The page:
We are appending the names of the people who returned: Daniela Kao, Davida Lima, Iakoba Hii, and Elizabeth Kahiau. They joined the church of Ewa this year. Tahuhu, Patehe, Tahu, Waitoi, and Mego (female), did not become brethren. According to them, they came along with the Honorable John Ii; there were twenty of them. When they landed in Honolulu, 11 of them lived with John Ii, and nine went with Rev. J. Bicknell to Ewa, and one of those died; those in Honolulu from amongst them are 6. One stayed in Hawaii, and one went on a whaling ship. They came all together, and a portion returned home.

(Kuokoa, 3/30/1867, p. 2)

Na Nuuhiva.

Ka Nupepa Kuokoa, Buke VI, Helu 13, Aoao 2. Maraki 30, 1867.

In 1867, Hamakua’s new monthly, “Ka Eleu”.

A New Newspaper

Here below is the entire body of our new companion; “Ka Eleu [The Lively One]” is its name.

This is a paper printed monthly in Hamakua Waena, edited by its publisher, who is Rev. J. Bicknell.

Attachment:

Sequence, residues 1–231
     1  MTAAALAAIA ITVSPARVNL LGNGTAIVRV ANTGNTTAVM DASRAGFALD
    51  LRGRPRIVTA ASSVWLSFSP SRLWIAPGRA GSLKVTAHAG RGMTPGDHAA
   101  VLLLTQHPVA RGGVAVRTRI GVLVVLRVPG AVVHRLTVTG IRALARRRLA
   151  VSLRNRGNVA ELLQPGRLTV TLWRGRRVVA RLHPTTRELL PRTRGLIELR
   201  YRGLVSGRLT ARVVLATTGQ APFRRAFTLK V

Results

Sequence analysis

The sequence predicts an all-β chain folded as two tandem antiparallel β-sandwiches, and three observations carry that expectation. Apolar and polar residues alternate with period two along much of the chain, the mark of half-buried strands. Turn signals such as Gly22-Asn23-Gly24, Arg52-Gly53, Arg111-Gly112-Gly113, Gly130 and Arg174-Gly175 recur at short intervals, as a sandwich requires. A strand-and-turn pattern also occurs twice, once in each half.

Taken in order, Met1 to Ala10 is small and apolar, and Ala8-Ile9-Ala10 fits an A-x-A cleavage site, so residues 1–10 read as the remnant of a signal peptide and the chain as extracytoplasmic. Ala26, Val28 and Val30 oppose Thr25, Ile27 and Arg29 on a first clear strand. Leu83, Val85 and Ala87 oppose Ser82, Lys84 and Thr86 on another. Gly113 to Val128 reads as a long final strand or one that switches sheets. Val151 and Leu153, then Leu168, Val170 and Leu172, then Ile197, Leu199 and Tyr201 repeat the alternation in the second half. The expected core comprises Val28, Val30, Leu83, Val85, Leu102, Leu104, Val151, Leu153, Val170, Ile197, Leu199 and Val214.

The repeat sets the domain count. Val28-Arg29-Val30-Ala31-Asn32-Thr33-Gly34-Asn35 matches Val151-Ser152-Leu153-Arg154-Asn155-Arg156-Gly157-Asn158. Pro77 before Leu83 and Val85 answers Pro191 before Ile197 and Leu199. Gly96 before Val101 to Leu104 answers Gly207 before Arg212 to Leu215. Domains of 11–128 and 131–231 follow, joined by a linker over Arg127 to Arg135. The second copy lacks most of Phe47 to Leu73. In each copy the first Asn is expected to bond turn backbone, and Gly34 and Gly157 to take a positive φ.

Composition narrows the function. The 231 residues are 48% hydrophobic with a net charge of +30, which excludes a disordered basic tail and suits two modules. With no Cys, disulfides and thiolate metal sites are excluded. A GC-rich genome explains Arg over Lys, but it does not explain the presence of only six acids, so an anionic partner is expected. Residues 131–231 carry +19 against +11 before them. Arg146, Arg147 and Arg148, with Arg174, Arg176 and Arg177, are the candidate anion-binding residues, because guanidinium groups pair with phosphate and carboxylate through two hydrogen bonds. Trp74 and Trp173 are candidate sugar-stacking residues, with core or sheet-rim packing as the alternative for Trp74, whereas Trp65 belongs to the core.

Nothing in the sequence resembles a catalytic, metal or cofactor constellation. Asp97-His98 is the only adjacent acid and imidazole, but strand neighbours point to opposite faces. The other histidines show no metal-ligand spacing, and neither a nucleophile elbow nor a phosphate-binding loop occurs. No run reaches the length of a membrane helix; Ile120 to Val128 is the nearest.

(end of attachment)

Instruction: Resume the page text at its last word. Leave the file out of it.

In it is printed the news of Hamakua, of the entirety of Hawaii, and important news of our nation and of foreign lands. This is a new paper, and all of its columns are but only handwritten. It has a very small body, but it is filled with tasty fruit that you will savor, O Reader.

Look to it and give it your aloha—don’t look down upon it. Reading different books as well as newspapers will increase one’s thinking. It hopes to become a companion to talk to, should you decide to subscribe to it.

(Kuokoa, 10/26/1867, p. 4)

He Nupepa Hou

Nupepa Kuokoa, Buke VI, Helu 43, Aoao 4. Okatoba 26, 1867.